By NPR. [S]cientists have created living entities in their labs that resemble human embryos; the results of two new experiments are the most complete such “model embryos” developed to date.
The goal of the experiments is to gain important insights into early human development and find new ways to prevent birth defects and miscarriages and treat fertility problems.
But the research, which was published in two separate papers Wednesday in the journal Nature Portfolio, raises sensitive moral and ethical concerns.
“I’m sure it makes anyone who is morally serious nervous when people start creating structures in a petri dish that are this close to being early human beings,” says Dr. Daniel Sulmasy, a bioethicist at Georgetown University. (Read more from “Scientists Create Living Entities in the Lab That Closely Resemble Human Embryos” HERE)
‘First complete models’ of a human embryo made in the lab
By Nicoletta Lanese. Scientists have created hollow spheres of cells that resemble human embryos in their earliest stages of development. The artificial embryos, called “blastoids,” could allow scientists to study early human development, infertility and pregnancy loss without experimenting on actual embryos.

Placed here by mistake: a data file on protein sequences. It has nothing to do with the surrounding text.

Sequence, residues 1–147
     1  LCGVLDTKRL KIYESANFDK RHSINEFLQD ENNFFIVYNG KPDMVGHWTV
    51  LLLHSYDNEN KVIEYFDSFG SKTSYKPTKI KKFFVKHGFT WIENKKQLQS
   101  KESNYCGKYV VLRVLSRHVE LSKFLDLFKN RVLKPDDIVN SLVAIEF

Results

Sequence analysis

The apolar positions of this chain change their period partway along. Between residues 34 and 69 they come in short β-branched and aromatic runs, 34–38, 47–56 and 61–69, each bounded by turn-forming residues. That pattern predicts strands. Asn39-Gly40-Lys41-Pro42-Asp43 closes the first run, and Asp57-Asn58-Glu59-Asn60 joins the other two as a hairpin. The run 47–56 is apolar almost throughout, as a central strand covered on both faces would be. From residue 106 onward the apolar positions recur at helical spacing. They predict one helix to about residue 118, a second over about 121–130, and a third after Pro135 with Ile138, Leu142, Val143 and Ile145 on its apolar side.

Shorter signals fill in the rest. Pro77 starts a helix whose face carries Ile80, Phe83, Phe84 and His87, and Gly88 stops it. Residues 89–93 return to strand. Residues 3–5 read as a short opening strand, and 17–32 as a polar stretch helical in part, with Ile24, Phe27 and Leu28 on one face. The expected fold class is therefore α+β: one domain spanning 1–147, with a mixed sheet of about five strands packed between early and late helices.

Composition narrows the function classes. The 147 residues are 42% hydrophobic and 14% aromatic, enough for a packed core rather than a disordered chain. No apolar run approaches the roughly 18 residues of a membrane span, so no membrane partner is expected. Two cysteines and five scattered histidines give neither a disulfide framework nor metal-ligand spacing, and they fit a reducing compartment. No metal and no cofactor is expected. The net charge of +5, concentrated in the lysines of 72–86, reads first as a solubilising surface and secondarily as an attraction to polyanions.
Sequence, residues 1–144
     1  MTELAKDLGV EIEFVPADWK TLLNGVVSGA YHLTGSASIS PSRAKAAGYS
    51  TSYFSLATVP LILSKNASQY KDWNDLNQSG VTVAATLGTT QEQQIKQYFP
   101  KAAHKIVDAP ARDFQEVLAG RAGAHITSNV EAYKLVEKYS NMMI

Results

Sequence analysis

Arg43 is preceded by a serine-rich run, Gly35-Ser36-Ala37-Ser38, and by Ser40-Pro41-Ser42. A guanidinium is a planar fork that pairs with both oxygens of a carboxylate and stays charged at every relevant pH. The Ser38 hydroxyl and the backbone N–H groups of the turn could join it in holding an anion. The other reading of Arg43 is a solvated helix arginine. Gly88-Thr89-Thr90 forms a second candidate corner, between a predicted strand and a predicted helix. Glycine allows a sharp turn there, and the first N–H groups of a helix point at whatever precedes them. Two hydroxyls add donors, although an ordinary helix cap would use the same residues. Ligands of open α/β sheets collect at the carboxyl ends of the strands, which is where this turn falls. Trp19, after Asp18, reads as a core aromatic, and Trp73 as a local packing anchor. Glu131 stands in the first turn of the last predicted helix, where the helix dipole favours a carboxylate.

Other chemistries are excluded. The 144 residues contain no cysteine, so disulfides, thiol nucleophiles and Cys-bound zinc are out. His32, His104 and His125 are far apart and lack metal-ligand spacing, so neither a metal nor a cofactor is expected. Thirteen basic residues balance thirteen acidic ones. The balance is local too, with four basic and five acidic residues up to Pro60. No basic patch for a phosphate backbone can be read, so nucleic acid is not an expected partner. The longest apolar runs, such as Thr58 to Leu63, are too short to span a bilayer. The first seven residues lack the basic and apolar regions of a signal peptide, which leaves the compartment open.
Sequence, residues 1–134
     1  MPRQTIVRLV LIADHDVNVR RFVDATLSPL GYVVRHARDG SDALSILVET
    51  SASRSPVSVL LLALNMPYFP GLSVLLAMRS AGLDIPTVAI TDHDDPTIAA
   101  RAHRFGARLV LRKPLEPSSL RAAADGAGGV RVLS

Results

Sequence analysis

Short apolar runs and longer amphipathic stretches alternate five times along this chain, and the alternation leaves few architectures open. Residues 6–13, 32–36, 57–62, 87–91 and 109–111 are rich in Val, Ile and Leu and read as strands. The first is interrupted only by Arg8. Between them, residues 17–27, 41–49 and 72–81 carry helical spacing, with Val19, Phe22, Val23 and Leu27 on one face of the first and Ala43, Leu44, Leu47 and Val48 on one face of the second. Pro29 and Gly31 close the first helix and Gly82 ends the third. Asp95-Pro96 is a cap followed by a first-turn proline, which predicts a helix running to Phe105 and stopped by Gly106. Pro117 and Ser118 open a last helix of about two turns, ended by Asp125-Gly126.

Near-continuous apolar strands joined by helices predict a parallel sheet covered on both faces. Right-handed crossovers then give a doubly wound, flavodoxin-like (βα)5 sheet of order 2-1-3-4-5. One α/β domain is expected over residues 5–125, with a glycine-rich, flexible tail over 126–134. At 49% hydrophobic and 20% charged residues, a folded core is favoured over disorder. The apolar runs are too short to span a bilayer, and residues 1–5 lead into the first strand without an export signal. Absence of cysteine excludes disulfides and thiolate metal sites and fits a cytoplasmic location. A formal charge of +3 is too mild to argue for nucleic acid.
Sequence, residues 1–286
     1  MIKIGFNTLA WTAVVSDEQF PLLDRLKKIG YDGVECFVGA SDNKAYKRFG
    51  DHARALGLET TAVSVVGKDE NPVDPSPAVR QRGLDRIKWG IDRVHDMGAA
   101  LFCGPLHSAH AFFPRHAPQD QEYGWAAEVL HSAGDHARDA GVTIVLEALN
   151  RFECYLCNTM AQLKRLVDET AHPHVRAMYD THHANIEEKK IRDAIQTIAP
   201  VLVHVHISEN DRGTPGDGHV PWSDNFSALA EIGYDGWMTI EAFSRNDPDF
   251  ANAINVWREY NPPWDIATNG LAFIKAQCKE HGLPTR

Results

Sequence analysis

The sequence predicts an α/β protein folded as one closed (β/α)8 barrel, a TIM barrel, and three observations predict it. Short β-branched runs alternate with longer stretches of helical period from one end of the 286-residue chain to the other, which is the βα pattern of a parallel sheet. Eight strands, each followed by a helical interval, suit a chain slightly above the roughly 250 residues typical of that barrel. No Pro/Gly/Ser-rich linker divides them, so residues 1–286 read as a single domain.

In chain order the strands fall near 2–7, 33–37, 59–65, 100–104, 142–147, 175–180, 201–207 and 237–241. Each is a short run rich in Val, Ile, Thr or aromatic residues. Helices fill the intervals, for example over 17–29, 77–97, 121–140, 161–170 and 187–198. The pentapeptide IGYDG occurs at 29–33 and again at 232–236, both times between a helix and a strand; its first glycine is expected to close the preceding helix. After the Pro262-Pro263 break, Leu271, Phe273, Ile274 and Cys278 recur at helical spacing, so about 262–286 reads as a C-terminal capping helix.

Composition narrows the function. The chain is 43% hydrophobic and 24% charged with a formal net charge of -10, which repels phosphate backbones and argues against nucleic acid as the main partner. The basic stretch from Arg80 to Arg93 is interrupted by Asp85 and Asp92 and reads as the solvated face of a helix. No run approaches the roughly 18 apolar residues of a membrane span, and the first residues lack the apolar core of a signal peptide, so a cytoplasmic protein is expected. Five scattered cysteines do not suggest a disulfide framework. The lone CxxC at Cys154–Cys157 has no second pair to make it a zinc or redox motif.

Two separate research groups created these model embryos using different methods, and each published their results March 17 in the journal Nature Portfolio.
One research group started with adult human skin cells, which they genetically reprogrammed to resemble embryonic cells, according to a statement. The researchers then grew these modified cells over a 3D scaffold that guided them into a spherical shape. The resulting structure closely mimicked a human blastocyst, a structure that typically contains a few hundred cells and forms roughly four days after a sperm cell fertilizes an egg and later implants in the uterine wall, Nature News reported.
The second research group began with human stem cells, including both embryonic stem cells and stem cells derived from adult skin tissue, known as “induced pluripotent stem cells,” Nature News reported. The team treated the stem cells with specific chemicals known as growth factors to coax them into the shape of a blastocyst. (Read more about the creation of fabricated human embryos HERE)